Here the jurisdictional provision involved in Clause 22 refers to "Any action," obviously referring to both in personam and in rem actions. Nevertheless, the Fifth Circuit's holding in Carbon Black is applicable and such an attempt to oust the Court of its jurisdiction in advance will be stricken herewith as being contrary to public policy and unenforceable.

We believe the applicable clause in the present case is unreasonable because libelant is an American citizen, subrogee of an American consignor and German consignee, the contract was made and partially executed in the United States by a Dutch steamship company with an agent in the United States in New Orleans, and the bill of lading specifically adopts the Carriage of Goods by Sea Act of the United States.[4] To require the American libelant to journey to Amsterdam for the assertion of its claim under these circumstances is wholly unreasonable, unrealistic and impractical. The one-year Statute of Limitation in the Carriage of Goods by Sea Act of the United States having now expired, it is doubtful that this claim could be pursued in the Dutch court. (46 U.S.C.A. § 1303 (6)).

The holding here, as in the Carbon Black case, differs from that of the Second Circuit in Muller & Co., Inc., v. Swedish American Line, Ltd., 224 F.2d 806 (2d Cir., 1955),[5] but we follow the holding of the Fifth Circuit in the Carbon Black case which we believe accurately interprets and applies the applicable provisions of law under the existing facts and circumstances.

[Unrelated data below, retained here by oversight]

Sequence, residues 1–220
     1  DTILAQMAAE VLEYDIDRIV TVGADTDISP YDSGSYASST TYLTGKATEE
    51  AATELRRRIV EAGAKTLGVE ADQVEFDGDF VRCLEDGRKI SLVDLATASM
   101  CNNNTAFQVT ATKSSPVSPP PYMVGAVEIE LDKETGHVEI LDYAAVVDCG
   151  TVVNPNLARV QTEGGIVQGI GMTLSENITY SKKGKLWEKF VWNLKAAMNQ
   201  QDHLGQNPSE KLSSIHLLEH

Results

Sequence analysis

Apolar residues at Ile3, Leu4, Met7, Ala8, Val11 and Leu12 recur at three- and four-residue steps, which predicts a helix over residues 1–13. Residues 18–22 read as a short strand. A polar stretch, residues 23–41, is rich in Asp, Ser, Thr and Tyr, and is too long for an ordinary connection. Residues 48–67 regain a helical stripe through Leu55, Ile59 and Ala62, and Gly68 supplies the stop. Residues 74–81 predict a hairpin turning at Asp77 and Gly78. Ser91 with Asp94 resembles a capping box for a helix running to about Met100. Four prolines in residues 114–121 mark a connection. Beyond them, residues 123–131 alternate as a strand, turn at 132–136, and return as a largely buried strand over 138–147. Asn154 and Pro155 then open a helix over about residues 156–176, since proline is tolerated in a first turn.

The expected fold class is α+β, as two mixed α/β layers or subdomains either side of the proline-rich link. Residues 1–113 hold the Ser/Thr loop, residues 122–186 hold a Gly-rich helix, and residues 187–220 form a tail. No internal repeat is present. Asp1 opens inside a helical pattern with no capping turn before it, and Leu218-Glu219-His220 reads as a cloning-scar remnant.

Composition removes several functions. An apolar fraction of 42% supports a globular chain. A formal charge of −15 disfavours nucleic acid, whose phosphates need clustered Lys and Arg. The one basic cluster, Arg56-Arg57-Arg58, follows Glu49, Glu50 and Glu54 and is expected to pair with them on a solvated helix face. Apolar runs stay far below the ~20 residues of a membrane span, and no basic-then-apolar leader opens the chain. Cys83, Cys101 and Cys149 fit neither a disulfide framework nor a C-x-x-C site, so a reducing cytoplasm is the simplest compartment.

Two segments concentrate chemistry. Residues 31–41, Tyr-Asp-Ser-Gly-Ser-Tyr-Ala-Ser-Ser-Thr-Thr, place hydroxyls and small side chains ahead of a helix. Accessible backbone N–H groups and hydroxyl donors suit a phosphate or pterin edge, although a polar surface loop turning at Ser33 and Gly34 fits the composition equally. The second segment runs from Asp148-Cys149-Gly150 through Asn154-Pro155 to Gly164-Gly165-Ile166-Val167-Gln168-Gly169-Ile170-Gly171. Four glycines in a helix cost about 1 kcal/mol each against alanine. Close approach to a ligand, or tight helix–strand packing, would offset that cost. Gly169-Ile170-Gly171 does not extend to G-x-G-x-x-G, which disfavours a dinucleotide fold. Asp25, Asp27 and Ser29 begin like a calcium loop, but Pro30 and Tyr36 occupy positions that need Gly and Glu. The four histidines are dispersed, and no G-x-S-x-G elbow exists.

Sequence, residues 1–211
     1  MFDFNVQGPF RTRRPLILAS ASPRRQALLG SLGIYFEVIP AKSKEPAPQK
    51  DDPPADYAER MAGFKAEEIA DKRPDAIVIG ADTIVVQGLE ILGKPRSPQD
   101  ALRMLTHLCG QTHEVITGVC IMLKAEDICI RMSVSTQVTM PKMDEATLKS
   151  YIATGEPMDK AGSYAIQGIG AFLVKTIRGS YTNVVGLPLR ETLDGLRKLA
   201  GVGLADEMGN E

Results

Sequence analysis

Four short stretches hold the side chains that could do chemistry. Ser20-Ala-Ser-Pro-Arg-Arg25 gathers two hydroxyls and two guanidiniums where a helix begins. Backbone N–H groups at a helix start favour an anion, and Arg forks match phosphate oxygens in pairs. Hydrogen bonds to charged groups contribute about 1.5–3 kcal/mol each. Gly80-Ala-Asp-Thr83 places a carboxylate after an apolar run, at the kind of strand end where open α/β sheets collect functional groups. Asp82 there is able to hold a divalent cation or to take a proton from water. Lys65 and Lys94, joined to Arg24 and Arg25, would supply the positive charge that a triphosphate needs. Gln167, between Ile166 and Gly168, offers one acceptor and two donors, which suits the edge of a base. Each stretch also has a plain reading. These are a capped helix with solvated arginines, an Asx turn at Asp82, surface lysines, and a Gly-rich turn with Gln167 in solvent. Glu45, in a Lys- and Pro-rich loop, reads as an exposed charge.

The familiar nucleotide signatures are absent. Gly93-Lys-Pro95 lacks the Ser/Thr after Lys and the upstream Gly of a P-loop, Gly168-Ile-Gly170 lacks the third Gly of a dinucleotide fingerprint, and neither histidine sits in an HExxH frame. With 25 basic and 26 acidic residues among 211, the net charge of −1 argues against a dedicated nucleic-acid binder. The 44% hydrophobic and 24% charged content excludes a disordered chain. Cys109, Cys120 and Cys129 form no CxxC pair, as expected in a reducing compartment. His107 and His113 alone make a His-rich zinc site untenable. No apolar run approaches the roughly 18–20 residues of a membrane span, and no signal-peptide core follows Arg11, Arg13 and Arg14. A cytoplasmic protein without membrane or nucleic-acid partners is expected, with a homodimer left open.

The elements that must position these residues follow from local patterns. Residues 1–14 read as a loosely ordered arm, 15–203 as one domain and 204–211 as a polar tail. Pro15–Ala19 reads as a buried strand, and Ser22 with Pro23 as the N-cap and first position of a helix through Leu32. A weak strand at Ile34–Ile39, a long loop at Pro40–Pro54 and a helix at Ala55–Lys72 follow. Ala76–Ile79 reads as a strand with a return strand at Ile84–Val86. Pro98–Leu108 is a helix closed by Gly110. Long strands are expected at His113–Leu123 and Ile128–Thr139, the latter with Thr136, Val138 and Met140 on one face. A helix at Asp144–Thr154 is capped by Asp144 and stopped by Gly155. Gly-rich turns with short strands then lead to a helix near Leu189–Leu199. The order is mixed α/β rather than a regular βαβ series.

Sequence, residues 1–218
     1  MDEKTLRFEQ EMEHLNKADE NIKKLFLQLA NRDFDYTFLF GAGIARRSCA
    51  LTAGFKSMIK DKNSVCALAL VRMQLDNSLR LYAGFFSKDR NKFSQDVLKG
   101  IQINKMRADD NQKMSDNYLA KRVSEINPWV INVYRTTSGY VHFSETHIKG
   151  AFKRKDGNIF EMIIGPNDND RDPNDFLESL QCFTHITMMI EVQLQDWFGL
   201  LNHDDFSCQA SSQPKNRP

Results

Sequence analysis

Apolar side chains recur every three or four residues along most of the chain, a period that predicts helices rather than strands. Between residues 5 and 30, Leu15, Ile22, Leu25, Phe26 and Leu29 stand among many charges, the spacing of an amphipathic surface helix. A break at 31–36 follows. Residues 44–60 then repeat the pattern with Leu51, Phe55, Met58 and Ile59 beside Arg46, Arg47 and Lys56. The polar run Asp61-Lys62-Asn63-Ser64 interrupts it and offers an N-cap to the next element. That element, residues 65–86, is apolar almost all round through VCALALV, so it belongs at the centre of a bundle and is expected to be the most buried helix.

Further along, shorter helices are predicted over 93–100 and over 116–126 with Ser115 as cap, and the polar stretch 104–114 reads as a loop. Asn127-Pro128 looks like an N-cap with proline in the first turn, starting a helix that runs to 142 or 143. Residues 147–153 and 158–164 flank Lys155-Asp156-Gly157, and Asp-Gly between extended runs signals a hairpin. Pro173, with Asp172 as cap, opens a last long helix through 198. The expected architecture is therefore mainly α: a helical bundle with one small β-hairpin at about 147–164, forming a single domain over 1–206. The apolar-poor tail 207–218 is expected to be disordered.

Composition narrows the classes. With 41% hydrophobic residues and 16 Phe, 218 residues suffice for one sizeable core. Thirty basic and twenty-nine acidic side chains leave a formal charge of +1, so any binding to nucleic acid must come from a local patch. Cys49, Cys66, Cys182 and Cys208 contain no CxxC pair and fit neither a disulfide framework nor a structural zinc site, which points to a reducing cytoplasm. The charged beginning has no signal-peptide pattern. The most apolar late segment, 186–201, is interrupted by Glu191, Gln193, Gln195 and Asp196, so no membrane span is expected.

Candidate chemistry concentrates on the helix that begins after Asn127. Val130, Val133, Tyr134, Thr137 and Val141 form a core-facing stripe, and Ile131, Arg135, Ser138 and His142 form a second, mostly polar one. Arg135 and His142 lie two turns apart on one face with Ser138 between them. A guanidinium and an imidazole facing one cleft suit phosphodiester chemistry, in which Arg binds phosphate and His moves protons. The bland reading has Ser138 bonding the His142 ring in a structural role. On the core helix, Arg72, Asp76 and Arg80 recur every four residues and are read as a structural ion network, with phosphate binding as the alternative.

The motion to decline jurisdiction is denied.


[1] "Clause 22 Any action with regard to any dispute or claim arising under this bill of lading and the contract evidenced thereby shall be brought before the Court at Amsterdam to the exclusion of any other courts unless the Carrier appeals to another jurisdiction or voluntarily submits himself thereto."

[2] "Clause 27 Also, that no legal proceedings may be brought against the Captain or ship owners or their agents in respect to any loss of or damage to any goods herein specified, except in Genoa, it being understood and agreed that every other Tribunal in the place or places where the goods were shipped or landed is incompetent, notwithstanding that the ship may be legally represented there."

[3] The cases are listed in Annot., 56 A.L.R. 2d 300, 306 (1957); 6 Corbin, Contracts Sec. 1445 (1951).

[4] 46 U.S.C.A. § 1300 et seq.

[5] There is this difference, however. In Muller the ship was lost at sea and there was therefore, no libel in rem, as was filed here. Carbon Black cites with approval (254 F.2d p. 300) the universally recognized principle applicable to ocean-going carriers which gives the right to libelant, possessing a maritime lien, to proceed in rem in the jurisdiction where the vessel is found. The Fifth Circuit points out that the principle itself is at stake on the issue of whether the court should retain jurisdiction when a bill of lading attempts to oust jurisdiction of an in rem libel.